Rust & Frame Rails

One of the many things I learned from Gary (the machinist who rebuilt our motor) is that with original vintage Datsun Z motors and transmissions, the original parts are much higher quality than most new parts you’d buy to replace them. For example, the original Z motors came with forged pistons, which means in almost all cases you’re going to end up with a stronger motor by using the old pistons with new rings than buying the cheaper, cast pistons available in the aftermarket. The same general rule applies to the crank and many other engine parts. In the end we’ll pay about the same amount we would have paid for an off-the-shelf motor but we’re going to know that everything has been fixed first-rate.

Silver 1976 Datsun 280Z on Jackstands

With our engine and transmission, “in the oven” so to speak, it was time to dig into the rest of our 280Z. Not surprisingly, after stripping out the interior and starting to remove body pieces, it became clear our rust problems were worse than originally thought. The driver’s side floorboard was rusted through and the driver’s side fender is like swiss cheese. Both will have to be replaced. However, compared to other Z rust horror stories, I’m still feeling lucky.

1976 Datsun 280Z - Steam Cleaning

Our next research item was frame rails. Ours were no longer sound, to put it mildly. Our first thought was that we were going to have to drill out the spot welds on the old ones and buy replacements. This was the job that had us quaking in our boots (a little). Once again turning to the trusty ZCar forum and doing a few searches, a name came up with an ingenious solution: Bad Dog Parts . The proprietor, John, an obvious Datsun Z-car nutcase, fabricates brand-new frame rails that fit neatly over your old ones and are then welded in place. Genious! They’re twice the thickness of the original frame rails, providing a solid, good-looking fix that appeared to be an easier solution than taking the old rails completely off.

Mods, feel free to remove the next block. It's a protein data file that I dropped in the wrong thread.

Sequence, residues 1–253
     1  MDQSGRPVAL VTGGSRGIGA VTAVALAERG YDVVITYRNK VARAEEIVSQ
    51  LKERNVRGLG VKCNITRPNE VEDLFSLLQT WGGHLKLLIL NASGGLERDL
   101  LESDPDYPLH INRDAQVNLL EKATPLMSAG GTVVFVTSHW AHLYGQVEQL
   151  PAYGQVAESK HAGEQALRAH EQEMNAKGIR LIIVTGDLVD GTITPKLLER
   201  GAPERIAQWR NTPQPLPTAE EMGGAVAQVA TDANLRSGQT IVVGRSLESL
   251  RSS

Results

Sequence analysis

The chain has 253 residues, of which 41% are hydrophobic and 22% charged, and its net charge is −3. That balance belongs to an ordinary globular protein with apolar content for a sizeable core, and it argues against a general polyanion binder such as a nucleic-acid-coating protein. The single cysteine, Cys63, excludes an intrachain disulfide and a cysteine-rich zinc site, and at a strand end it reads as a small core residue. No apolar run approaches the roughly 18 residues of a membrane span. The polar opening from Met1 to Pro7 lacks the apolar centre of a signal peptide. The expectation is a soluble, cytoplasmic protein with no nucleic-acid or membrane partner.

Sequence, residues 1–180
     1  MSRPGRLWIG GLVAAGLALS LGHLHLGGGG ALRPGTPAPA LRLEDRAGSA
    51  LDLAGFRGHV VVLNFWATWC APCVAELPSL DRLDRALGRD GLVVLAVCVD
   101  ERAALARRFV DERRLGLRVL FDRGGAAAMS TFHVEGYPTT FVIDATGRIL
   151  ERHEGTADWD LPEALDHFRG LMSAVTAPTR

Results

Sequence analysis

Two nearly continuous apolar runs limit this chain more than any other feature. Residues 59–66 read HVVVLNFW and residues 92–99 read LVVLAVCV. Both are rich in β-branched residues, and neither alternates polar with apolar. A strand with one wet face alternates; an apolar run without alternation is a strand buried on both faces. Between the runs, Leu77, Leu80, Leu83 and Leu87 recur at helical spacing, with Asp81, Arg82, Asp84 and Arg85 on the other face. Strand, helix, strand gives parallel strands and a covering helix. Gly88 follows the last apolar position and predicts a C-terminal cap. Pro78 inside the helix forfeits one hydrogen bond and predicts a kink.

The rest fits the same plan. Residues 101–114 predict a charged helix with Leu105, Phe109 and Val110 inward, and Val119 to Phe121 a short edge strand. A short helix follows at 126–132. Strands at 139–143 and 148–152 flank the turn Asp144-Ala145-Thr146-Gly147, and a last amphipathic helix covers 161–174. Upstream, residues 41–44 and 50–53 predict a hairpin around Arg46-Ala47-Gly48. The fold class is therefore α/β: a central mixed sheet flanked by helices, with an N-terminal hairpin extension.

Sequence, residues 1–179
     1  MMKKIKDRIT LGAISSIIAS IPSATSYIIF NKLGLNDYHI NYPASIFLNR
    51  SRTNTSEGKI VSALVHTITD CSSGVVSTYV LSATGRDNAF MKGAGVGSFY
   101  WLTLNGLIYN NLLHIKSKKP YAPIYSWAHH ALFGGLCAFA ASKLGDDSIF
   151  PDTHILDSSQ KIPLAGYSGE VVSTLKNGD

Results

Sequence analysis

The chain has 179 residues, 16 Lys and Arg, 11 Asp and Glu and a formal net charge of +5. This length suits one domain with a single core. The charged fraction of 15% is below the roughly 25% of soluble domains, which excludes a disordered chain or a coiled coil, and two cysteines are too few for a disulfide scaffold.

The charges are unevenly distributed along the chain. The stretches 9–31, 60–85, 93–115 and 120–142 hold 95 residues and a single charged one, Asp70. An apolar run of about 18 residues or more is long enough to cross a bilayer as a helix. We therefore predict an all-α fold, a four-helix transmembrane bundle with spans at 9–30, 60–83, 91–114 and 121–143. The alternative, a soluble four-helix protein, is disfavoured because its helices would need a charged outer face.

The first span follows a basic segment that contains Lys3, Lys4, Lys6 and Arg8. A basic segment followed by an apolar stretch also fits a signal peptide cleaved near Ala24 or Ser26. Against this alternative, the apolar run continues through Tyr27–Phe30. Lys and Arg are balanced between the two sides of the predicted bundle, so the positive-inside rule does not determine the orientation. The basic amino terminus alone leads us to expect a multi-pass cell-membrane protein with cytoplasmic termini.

In our case, getting these rails on was a little more tricky than originally planned. Both our frame rails were not only rusted out but dented in, with the tops of the old rails mushroomed out, making it so the new ones wouldn’t fit over. Overcoming this required cutting away the bottom half of the old rails with a saws-all. It wasn’t all that hard but it caused us to wonder if it would have been just as easy to replace the complete rails rather than use the slip-over solution. It seem like if your rails are just rusted, the Bad Dog rails are a great solution. However, if your rails are damaged and rusted, you might consider replacing them entirely. The other problem we faced was that the rusted-out floor panels were right above the frame rails. To do it right, we had to first repair the metal on the floor so we’d have a solid surface to weld the new frame rails to.

Bookmark the permalink.

Comments are closed.